Frequently Asked Questions
No, there is no age limit for testing. Any of the DNA tests can be performed on individuals of any age, even newborns. If the patient is a minor, the legal guardian must sign the DNA testing consent form.
No, the DNA test kits do not have an expiration date.
DNA is collected by rubbing a brush gently inside the mouth against the cheek for 15 seconds. The collection is safe and painless and can be performed on individuals at any age, including infants.
Your results will be available in your secure online account as soon as testing is complete. Your results can also be emailed or mailed to you, if requested.
All test kits are stored at room temperature before and after sample collection. Test kits can be stored indefinitely prior to sample collection. Test kits should be returned for testing within 3 months after sample collection.
No. The testing will only proceed for DNA samples collected using the sterile mouth swabs provided with each kit.
Test kits for the Health & Disease, Diet & Fitness, Behaviour & Traits and Ancestry tests contain DNA collection instructions, a DNA Test Requisition Form and buccal (mouth) swabs for one individual.
DNA Relationship Test Kits contain DNA collection instructions, a DNA Test Requisition Form and buccal (mouth) swabs for the simple test option for each test. For example, the DNA Paternity Test kit contains buccal swabs for a child and an alleged father.
Prenatal DNA testing can be performed using a CVS sample or an amniotic fluid sample. If you are interested in proceeding with prenatal testing, the first step is to arrange an appointment for amniocentesis or CVS with your physician/obstetrician. Once the appointment is confirmed, please let us know and we will help you to initiate a file and send the collection kit directly to your physician. If you are unable to have a prenatal sample collected, please note that DNA testing can be performed on the day of birth using a mouth swab kit.
The DNA collection kits can be shipped to any country in the world.
Yes, your results are 100% confidential. No one will be able to access your account or your results unless you give them your confidential account login. You can change the password to your account at any time. Please remember to safeguard your login information and not share it with anyone.
No, your diet does not affect your DNA. Aside from no food or drink for just 15 minutes prior to collecting your DNA sample, there are no restrictions on your dietary intake.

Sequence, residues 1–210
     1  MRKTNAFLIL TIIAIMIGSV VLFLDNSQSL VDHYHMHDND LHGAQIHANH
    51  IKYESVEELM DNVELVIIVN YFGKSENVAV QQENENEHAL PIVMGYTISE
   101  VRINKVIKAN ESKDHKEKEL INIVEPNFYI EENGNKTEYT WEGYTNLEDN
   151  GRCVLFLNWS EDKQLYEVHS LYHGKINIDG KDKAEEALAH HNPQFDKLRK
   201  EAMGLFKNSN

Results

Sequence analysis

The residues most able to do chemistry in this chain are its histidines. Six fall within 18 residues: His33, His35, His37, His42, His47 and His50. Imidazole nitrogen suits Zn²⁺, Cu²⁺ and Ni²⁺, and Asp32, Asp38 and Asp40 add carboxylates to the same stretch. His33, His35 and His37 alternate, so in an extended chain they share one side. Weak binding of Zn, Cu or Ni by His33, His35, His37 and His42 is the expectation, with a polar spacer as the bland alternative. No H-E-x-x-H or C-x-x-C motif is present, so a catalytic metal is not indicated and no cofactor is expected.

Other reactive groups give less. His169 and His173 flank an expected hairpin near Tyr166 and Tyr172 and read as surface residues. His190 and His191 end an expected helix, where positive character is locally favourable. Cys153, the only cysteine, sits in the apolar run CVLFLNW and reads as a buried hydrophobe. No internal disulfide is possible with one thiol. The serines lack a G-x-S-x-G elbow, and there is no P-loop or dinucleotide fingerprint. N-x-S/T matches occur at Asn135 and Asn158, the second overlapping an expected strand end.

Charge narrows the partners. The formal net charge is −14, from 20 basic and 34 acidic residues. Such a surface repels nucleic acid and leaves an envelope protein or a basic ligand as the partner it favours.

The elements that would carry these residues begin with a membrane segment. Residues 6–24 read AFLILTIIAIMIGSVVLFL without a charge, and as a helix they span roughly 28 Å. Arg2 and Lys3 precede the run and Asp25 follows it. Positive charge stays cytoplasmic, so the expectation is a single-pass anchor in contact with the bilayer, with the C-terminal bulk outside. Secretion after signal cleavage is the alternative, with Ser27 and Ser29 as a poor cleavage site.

This also applies for the celiac disease and lactose intolerance DNA tests, as the ingestion of gluten or dairy products are not required for accurate DNA analyses.
Your results for any of the DNA relationship tests will be available one business day after the lab receives the DNA samples. Please note that delays may occur during peak season, and due to the reasons listed below.
- Poor quality of the DNA sample, which can occur if the proper collection instructions are not followed.
- Late lab fee payment. Laboratory testing will not begin until lab fees are paid in full.
- Rare genetic variations may require further testing and cause delays.
- Closely related alleged fathers (e.g. brothers). Further testing may be required to accurately determine which individual is the true biological father of a child.
If the parties to be tested live at different addresses, the kit can be split and the sample collection components sent to each address separately. Since the collection components are individually barcoded, they will be tested together once the samples arrive back at the laboratory.
If the mother already knows that she is the biological mother of a child, then there is no need to test her if only the alleged father is in question. A conclusive answer regarding paternity can be obtained without testing the mother.
If the alleged father is deceased, forensic DNA testing can be considered using items which may contain the alleged father’s DNA. Forensic DNA testing can be performed on anything that has biological material from the father, such as an old toothbrush, electric razor, blood stains, saliva stains, and bone or teeth from an exhumation. If it is not possible to obtain a forensic sample for the alleged father, testing his direct relatives can be considered. If his parents are alive, the grandparent test can be performed. If he has any siblings, then an aunt or uncle test can be performed. If the alleged father has other children, then a full or half sibling test can be performed.